James and Karen came into a session reporting having had a major breakdown in their relationship. In the prior week James came home from an AA meeting later than usual. He called to let Karen know he would be late, that he was hanging out with some AA friends getting coffee after the meeting. James reported, “She was a mess when I walked in the house, she totally lost it. I didn’t do anything wrong, I called, what else could I have done, get a note from my sponsor (he said sarcastically)?” Karen reported that when James called to say he would be late, at first she felt a little uncomfortable, but almost immediately after hanging up her feelings escalated into raging anxiety, dread, anger, and fear. She described feeling nauseous, “Sick to my stomach, I couldn’t help it”. So did Karen have a full blown codependent relapse? Is this a sign of her pathology and her need to control James schedule and whereabouts? I think a more useful way to understand Karen’s reaction is that she was experiencing Post Traumatic Stress Disorder (PTSD). These feelings are triggered from previous trauma of the countless times during the active drinking years that James would come home late, often calling with lies and excuses, coming home drunk, then denying drinking and escalating in his aggressive and accusatory defensiveness. Karen’s feelings are normal in the sense that it is understandable why she reacted the way she did given the trauma she has experienced and the triggers embedded in James phone call. The issue isn’t that Karen had these feelings, it’s more about identifying and learning to manage these trauma reactions.

James didn’t do anything wrong but he did need to understand- as did Karen – that her reaction was an involuntary trauma reaction triggered in the parts of the brain designed to protect us from danger. The hippocampus (memory) and amygdala (emotions) are linked through an emotional memory sequence that aims at identifying possible threats.

I don’t believe it’s ever helpful to pathologize these reactions, but rather, I explore where they come from and help couples understand trauma reactions. When James understood Karen’s reaction was PTSD, and not about him “screwing up again”, he was able to move more toward compassion. Similarly, when Karen was able to see her reaction as a full blown PTSD, then she was able to better let go of her guilt and SHAME for her feelings. We discussed what to do in the future when there are strong reactions that likely have been triggered. This isn’t to say that additional individual focus like extra support from Al-Anon or a sponsor and/or a therapist wouldn’t be helpful or appropriate as well, in fact, we in fact explored these options. Identifying and understanding triggers and PTSD will be an essential tool for both James and Karen in their navigating recovery individually and as a couple.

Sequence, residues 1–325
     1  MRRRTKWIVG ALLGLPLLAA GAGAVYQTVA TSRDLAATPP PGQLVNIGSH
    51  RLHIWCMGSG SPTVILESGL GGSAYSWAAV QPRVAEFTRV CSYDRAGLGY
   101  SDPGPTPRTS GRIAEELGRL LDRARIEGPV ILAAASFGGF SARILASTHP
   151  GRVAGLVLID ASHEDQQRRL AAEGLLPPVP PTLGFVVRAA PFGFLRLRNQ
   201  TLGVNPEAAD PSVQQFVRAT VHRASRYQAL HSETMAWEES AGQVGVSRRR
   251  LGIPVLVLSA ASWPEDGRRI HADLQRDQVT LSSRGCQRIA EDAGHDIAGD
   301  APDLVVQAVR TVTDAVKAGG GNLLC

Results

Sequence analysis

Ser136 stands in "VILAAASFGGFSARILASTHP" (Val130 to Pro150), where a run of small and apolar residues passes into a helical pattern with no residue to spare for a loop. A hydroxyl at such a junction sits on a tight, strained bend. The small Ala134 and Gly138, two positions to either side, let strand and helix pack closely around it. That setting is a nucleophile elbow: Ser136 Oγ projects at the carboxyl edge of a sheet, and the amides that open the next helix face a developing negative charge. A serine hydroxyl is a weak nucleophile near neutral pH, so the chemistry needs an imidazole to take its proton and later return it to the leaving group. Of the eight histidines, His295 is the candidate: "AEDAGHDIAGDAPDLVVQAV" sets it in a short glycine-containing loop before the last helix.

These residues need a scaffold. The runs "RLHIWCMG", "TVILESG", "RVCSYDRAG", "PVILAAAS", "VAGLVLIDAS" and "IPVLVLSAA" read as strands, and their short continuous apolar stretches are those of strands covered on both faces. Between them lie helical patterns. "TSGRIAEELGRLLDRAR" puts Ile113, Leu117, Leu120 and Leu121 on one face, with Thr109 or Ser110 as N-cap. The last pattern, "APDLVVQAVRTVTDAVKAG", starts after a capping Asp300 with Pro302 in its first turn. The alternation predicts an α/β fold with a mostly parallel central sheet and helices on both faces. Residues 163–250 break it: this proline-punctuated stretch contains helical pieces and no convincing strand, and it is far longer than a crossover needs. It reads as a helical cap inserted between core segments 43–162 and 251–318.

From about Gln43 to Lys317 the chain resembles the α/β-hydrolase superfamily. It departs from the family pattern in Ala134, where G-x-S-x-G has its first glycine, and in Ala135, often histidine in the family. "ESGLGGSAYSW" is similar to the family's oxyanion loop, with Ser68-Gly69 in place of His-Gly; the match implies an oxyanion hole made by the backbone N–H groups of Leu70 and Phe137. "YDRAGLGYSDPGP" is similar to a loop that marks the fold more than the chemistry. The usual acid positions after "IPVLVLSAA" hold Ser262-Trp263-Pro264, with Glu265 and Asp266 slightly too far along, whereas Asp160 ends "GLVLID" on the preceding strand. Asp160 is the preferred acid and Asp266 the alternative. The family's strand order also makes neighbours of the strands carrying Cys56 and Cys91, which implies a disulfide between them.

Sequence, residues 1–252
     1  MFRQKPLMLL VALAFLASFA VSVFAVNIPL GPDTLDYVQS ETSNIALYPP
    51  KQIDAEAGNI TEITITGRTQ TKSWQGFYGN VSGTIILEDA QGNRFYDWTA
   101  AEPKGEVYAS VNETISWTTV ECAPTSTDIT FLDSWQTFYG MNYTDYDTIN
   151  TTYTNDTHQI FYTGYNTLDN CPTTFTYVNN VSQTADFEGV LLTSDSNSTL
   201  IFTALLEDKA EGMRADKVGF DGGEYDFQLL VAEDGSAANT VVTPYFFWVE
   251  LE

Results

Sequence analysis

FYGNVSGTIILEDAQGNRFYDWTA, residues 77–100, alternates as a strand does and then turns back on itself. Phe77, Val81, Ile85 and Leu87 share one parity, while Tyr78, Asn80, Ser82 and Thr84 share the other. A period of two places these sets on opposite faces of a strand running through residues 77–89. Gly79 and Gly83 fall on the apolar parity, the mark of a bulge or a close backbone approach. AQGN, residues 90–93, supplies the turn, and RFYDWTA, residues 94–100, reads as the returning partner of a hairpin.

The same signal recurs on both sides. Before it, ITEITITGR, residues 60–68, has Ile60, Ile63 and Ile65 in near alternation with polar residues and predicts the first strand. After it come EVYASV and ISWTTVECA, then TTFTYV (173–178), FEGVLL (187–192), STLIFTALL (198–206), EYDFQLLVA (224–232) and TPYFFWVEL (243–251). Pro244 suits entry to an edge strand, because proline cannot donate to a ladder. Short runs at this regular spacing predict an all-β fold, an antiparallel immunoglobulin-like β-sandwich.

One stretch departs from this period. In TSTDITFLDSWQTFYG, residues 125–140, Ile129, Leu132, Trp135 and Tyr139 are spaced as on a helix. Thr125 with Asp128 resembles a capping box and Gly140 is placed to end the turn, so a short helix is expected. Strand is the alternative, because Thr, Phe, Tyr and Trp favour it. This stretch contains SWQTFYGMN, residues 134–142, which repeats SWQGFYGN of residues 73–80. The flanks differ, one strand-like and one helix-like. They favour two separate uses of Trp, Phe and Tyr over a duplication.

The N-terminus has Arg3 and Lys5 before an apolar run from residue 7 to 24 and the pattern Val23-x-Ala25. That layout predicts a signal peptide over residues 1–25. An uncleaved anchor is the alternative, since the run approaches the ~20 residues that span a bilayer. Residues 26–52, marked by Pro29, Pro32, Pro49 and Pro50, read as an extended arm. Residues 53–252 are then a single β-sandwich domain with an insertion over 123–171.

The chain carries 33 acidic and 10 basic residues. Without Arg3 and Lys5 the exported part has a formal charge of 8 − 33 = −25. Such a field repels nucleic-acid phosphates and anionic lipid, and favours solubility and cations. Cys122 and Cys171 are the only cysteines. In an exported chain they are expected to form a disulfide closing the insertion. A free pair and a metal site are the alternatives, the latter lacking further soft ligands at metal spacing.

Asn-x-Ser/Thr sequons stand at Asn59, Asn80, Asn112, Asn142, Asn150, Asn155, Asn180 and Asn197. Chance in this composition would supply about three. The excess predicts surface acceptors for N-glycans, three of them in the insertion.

Trust: A Tricky Balancing Act

Trust is basic to the foundation of any significant relationship, it’s really hard to imagine anybody feeling comfortable in a relationship where  trust has been consistently broken. How do couples affected by addiction deal with the ongoing issue of trust – or more to he point mistrust? Many addicts and alcoholics in recovery will often focus on one day at a time, the position that one can’t guarantee never using again, all one can do is take recovery day by day, or perhaps hour by hour. So what does this mean to the partner who is being told, or simply knows and understands that reality?

Tom had been struggling with his wife’s recovery from alcoholism from the start. At first he felt tremendous relief when she began going to AA meetings and reassured him of her commitment to deal with her drinking problem. Tom found that his relief was  soon replaced by increasing anxiety, plagued by a relentless internal and silent stream of anxiety fueled by questions he couldn’t turn off: “Are  her eyes blood-shot, maybe she’s tired, or has she been drinking?” “Why isn’t she home, the meeting was over 40 minutes ago?”  Will she drink if I tell her how angry I really am at the mess her drinking has caused?” “Will she drink because of the stress she feels at work?” “Is that alcohol I smell on her breath or is it the new toothpaste she bought?…Why did she buy new tooth paste?”

Jana knew her husband struggled with trust, and while she could understand his anxiety, she also resented it. From Jana’s perspective she was doing everything she could to work her program, stay sober, manage a high pressure job as a mid-level manager in a major accounting firm, and tend to the thousand other things on her plate. What bothered Jana the most was that Tom’s mistrust was starting to feel like the new elephant in the living room – they both knew it was there, but nobody was talking about it. Their relationship felt as off  balance as it did before Jana stopped drinking, just in a different way.